Disclaimer: Canadians are generally less litigious than our American cousins. If you are American, I suggest you take my advice with many grains of salt. And, whether you’re Canadian or American, use your own discretion and take personal responsibility for whatever calculated risks you choose to take on as part of your business. After all, no judge is ever going to let you off the hook just because, “Ted said so!”
Every real estate lawyer will tell you that you should never recommend a single service provider. Their reasoning is simple and completely logical; If the person you recommend messes up, you could be held liable.
This makes complete sense from a strictly legal perspective in terms of minimizing your personal liability. However, I consciously choose to disregard this sound legal advice.
Using home inspectors as an example, I’ll explain why, but you could apply the same principles to any service provider you recommend, including lawyers!
Here’s the scenario: Your buyers have an accepted offer, conditional to a home inspection, and they’re asking for your advice on finding a good inspector. 🕵️
What are you supposed to do? Pretend you don’t know one?
If you can’t provide good advice to your clients when they need it, what good are you?
Some lawyers recommend giving your clients a large list of potential service providers, but how is that limiting your liability? If any one of those inspectors messes up and a lawsuit ensues, did you not still explicitly recommend everyone on that list? 🤔
I’d rather minimize the risk and recommend only one or two service providers that I trust to do a great job.
First things first:
If you recommend an inspector, you better make bloody damn sure they’re excellent at what they do. Here’s why I think my two inspectors are great:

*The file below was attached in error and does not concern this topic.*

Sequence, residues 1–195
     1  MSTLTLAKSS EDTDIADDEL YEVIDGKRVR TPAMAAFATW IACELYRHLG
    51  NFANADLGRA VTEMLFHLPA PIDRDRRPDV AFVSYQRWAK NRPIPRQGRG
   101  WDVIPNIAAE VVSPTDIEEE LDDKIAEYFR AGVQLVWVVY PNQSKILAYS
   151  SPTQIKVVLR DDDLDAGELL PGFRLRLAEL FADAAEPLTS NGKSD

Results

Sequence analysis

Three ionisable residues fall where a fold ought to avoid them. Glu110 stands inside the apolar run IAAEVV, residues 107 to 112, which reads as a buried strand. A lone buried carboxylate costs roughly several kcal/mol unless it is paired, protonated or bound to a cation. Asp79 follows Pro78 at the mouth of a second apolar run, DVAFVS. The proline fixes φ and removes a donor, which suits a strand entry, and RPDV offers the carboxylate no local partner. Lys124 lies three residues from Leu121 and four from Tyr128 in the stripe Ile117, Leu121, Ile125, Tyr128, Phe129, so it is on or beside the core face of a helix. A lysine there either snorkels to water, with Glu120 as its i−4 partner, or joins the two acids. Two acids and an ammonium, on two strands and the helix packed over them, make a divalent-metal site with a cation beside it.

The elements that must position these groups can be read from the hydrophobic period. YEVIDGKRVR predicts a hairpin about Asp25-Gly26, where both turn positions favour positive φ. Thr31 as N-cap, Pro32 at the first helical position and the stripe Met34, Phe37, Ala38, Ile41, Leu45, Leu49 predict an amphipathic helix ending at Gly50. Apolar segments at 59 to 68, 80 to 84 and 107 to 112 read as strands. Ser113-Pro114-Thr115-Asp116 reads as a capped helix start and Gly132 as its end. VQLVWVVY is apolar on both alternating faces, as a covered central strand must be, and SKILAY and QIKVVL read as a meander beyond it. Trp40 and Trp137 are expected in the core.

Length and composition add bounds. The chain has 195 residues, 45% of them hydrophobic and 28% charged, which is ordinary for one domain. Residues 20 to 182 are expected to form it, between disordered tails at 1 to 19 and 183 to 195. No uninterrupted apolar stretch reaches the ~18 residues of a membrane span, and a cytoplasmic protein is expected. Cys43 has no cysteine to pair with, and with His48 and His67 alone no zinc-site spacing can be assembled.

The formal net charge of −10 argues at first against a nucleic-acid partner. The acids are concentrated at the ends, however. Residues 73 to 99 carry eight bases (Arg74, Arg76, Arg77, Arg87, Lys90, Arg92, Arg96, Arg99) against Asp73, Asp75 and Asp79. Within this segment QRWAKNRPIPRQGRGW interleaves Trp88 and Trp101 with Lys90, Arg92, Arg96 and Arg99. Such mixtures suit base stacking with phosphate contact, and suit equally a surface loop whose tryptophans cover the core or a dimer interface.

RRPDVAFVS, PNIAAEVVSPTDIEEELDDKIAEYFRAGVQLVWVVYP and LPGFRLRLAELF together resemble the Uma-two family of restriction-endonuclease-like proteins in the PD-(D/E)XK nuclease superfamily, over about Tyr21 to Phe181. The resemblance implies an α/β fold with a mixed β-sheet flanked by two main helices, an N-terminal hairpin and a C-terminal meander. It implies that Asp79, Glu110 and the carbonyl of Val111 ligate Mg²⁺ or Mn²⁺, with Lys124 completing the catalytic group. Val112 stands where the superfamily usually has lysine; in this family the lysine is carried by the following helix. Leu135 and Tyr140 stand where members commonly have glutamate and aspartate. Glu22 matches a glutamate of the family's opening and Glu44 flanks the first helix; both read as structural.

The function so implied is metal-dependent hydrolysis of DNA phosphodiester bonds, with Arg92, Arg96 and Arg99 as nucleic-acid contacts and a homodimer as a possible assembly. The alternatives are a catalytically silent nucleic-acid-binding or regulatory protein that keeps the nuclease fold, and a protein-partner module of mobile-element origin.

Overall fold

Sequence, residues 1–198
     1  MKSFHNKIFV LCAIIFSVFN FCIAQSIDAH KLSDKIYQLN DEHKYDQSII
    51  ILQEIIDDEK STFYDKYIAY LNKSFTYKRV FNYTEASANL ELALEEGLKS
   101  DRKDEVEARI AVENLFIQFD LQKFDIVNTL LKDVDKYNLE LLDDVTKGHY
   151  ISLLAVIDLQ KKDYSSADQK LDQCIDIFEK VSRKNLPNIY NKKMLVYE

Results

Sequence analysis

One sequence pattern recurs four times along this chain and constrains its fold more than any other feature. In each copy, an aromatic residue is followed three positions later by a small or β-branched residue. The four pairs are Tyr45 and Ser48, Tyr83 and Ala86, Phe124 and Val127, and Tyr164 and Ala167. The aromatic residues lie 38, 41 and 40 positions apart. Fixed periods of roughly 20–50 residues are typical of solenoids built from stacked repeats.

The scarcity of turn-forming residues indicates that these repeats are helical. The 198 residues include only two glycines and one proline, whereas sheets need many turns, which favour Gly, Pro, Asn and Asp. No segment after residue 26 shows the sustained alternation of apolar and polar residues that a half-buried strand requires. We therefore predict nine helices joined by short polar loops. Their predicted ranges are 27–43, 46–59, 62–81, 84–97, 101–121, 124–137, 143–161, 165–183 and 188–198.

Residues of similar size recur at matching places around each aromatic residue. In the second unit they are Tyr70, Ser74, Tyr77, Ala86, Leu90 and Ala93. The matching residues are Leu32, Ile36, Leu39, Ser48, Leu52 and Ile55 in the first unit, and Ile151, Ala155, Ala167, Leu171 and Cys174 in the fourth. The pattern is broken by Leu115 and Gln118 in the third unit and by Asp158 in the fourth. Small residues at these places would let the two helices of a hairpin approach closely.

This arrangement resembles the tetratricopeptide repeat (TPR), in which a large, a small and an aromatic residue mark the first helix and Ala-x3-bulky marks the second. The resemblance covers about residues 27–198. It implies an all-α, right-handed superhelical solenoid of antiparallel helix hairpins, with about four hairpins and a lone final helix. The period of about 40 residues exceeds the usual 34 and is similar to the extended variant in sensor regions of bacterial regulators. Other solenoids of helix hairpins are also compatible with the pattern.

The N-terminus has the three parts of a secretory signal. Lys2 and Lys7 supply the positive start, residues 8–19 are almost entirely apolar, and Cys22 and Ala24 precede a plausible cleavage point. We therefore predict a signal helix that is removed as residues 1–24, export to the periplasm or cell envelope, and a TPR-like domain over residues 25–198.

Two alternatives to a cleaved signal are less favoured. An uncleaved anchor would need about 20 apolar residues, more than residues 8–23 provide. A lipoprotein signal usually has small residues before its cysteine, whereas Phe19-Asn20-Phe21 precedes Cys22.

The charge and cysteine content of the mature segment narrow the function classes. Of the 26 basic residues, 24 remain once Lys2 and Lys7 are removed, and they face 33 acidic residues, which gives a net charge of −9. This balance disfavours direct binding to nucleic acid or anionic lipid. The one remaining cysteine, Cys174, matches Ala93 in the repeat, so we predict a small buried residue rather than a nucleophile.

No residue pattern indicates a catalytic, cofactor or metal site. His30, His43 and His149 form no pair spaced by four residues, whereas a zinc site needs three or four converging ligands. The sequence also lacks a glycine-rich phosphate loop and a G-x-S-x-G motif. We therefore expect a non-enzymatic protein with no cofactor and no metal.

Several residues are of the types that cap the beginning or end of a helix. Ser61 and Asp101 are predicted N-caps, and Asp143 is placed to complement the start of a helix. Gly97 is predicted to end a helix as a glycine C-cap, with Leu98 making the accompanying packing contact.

- They’re consistently meticulous. They never miss even the tiniest detail, and they each provide excellent, extremely detailed PDF reports.
- They’re personable and customer-service-oriented. They know how to talk to people and patiently explain all the different components in their new home.
- They keep things in perspective. They don’t hide anything, but neither do they scare my clients into blowing up their deal over some insignificant, common problem. 💣
Here’s how I pitch my preferred inspectors to my buyer clients:
“I’ve got two outstanding home inspectors I can recommend. They’re both meticulous, they never miss a thing, and after the inspection, they each provide an extremely detailed and informative report on your home, including pictures of every problem area. Honestly, in my opinion, these are probably the two best inspectors in the city. Would you like me to set this up for you?”
At this point, hopefully, you’ve built a high level of trust and rapport with your clients, so allowing you to continue being in control of all the details is a no-brainer. After all, they probably know zero inspectors, and you know the two best ones in the city!
I don’t remember the last time a client said, “no!” So, I make all the arrangements for them, setting up the day and time, etc. 📅
This is infinitely better than having some unknown inspector come in and mess up your deal due to incompetence or stupidity, or both. This has happened to all of us, right?
Why do I have two inspectors? Simple: if one of them is unavailable, I can always get the other one. It’s important not to put all your eggs in one basket.
Have I ever gotten myself in trouble by recommending a particular service provider?
Never. Why? Because the people I recommend are the best at what they do. Therefore, I’m willing to accept the tiny risk that something might go wrong one day, because the benefits outweigh the risks by a long shot.
The biggest benefit? My clients get a thorough understanding of exactly what they are buying. There are no surprises.
In my opinion, if you’re going to be a great REALTOR®, you must be willing to recommend expert service providers. Therefore, you must also be willing to accept some level of risk for the recommendations you make. The key is to minimize that risk by recommending only the best of the best.
Next week, I’ll talk about properly establishing your clients’ expectations before the home inspection.